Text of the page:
Tips for former addicts, families trying to get their finances back – press enterprise
Drug addiction presents its ugliness in many forms, such as drug and alcohol abuse, compulsive gambling, and overeating or undereating, to name a few.
Although there are a variety of addictions, many symptoms of behavioral disorders overlap. Families and the addict are ultimately affected financially and emotionally. Sometimes relationships are so badly damaged that they cease to exist.
Often, family members support the person’s addiction without realizing it. Once you are aware of the problem, it is important to consider and establish firm boundaries, no matter how difficult. Are you ready to see your loved one spend time in jail instead of covering their legal fees? Are you ready to see them evicted or live on the streets instead of paying their living expenses? How many months are you willing to pay their rent if they don’t tackle their addiction?
Setting limits won’t cure your loved one of their addiction or ensure they seek help, but it will help you manage your life without financial ruin. At the end of the day, all you can control is how well you take care of your health and well-being.
Without support and resources, it will be difficult to navigate through the emotional strain and financial pressures of addiction. The Administration Agency for Addiction and Mental Health Services within the US Department of Health and Human Services provides resources that address the subject of addiction for both the addict and his or her family. SAMHSA’s mission is to reduce the impact of addiction and mental illness on American communities. You can reach them at 1-800-662 HELP (4357) or at samhsa.gov.
One of the consequences of economic ruin is having bad credit. With this burden, recovering people will find it difficult to be approved when applying for credit cards or loans. Even if they are sober; banks and other financial institutions will be reluctant to extend a line of credit to someone who has, in the past, shown lack of judgment and decision-making skills. This can mean that even the basics of getting a loan back on your feet, or applying for housing for housing, will become much more difficult than usual.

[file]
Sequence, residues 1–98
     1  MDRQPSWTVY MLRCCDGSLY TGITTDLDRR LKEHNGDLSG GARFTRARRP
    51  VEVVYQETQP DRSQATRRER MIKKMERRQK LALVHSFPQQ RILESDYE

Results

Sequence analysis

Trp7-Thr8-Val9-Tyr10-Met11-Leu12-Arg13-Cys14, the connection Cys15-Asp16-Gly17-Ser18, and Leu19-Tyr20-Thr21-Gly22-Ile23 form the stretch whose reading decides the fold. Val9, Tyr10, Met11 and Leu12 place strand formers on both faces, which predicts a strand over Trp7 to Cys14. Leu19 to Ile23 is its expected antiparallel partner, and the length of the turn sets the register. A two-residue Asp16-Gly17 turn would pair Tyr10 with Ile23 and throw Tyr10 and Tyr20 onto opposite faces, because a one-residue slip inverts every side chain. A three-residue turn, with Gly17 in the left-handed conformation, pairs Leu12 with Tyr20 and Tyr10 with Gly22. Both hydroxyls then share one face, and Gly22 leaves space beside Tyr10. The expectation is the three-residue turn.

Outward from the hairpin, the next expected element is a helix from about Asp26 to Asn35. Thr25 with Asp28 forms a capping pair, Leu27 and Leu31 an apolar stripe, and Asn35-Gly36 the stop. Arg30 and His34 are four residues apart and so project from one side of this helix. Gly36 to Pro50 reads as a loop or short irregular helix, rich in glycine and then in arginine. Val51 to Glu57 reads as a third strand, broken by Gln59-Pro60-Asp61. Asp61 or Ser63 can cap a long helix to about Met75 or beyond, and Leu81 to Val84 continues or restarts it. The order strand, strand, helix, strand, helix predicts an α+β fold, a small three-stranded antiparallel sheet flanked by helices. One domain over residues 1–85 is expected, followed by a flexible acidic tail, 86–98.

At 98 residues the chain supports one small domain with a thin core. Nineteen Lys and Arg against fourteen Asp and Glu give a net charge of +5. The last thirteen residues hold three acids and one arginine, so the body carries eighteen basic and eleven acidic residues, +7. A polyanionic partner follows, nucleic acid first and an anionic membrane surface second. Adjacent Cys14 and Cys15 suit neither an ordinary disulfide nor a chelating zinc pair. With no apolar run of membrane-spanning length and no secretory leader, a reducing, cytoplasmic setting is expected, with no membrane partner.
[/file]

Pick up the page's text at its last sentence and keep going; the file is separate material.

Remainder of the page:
It is unrealistic to expect a newly sober person to simply return to their financial existence before their addiction sets in. Consider seeking help from a financial advisor who knows how and where to apply for financial assistance, get loans, find scholarships or grants, and have special payment plans that can help cover the cost of treatment and care. other damage incurred due to addiction.
Although financial recovery is not easy, there are tools to help you in this phase.
Next Step Prepaid Mastercard – Developed by three recovering drug addicts, this prepaid card is specifically aimed at recovering people. It comes with controls that block certain transactions at ATMs or points of sale, such as those at liquor stores, casinos, bars, escort services, and selected online retailers. The card cannot be used for cashback.
The card must be co-signed by a person responsible for the life of the individual. The co-signer is responsible for loading and effective transfer of funds; a companion card is given to the person who uses it for their purchases. There are daily spending limits and maximum monthly transactions placed on the Next Step card, and card usage can be monitored online for accountability purposes.
True Link Prepaid Visa Card – The True Link Prepaid Visa card is a reloadable prepaid Visa card created to meet the complex needs of underserved people. This card allows a person to buy items and pay bills without having to carry cash. Access can be blocked for purchases in bars, online and other risky places. The card can also be configured to be accepted at certain merchants. It provides access to real-time alerts if the card is attempted to be used in a blocked location, such as a liquor store.
Even though it is difficult to watch a loved one lose control of their life, family members should not be rescuing or financially supporting the addict. Let the addict feel the consequences of his illness. Think carefully about helping an addict, set limits, and clearly understand the long-term ramifications for your finances. By supporting the addict financially, you are supporting their addiction, while possibly putting your own finances at risk.
Teri Parker CFP® is Vice President of CAPTRUST Financial Advisors. She has been practicing in financial planning and investment management since 2000. Contact her by email at [email protected]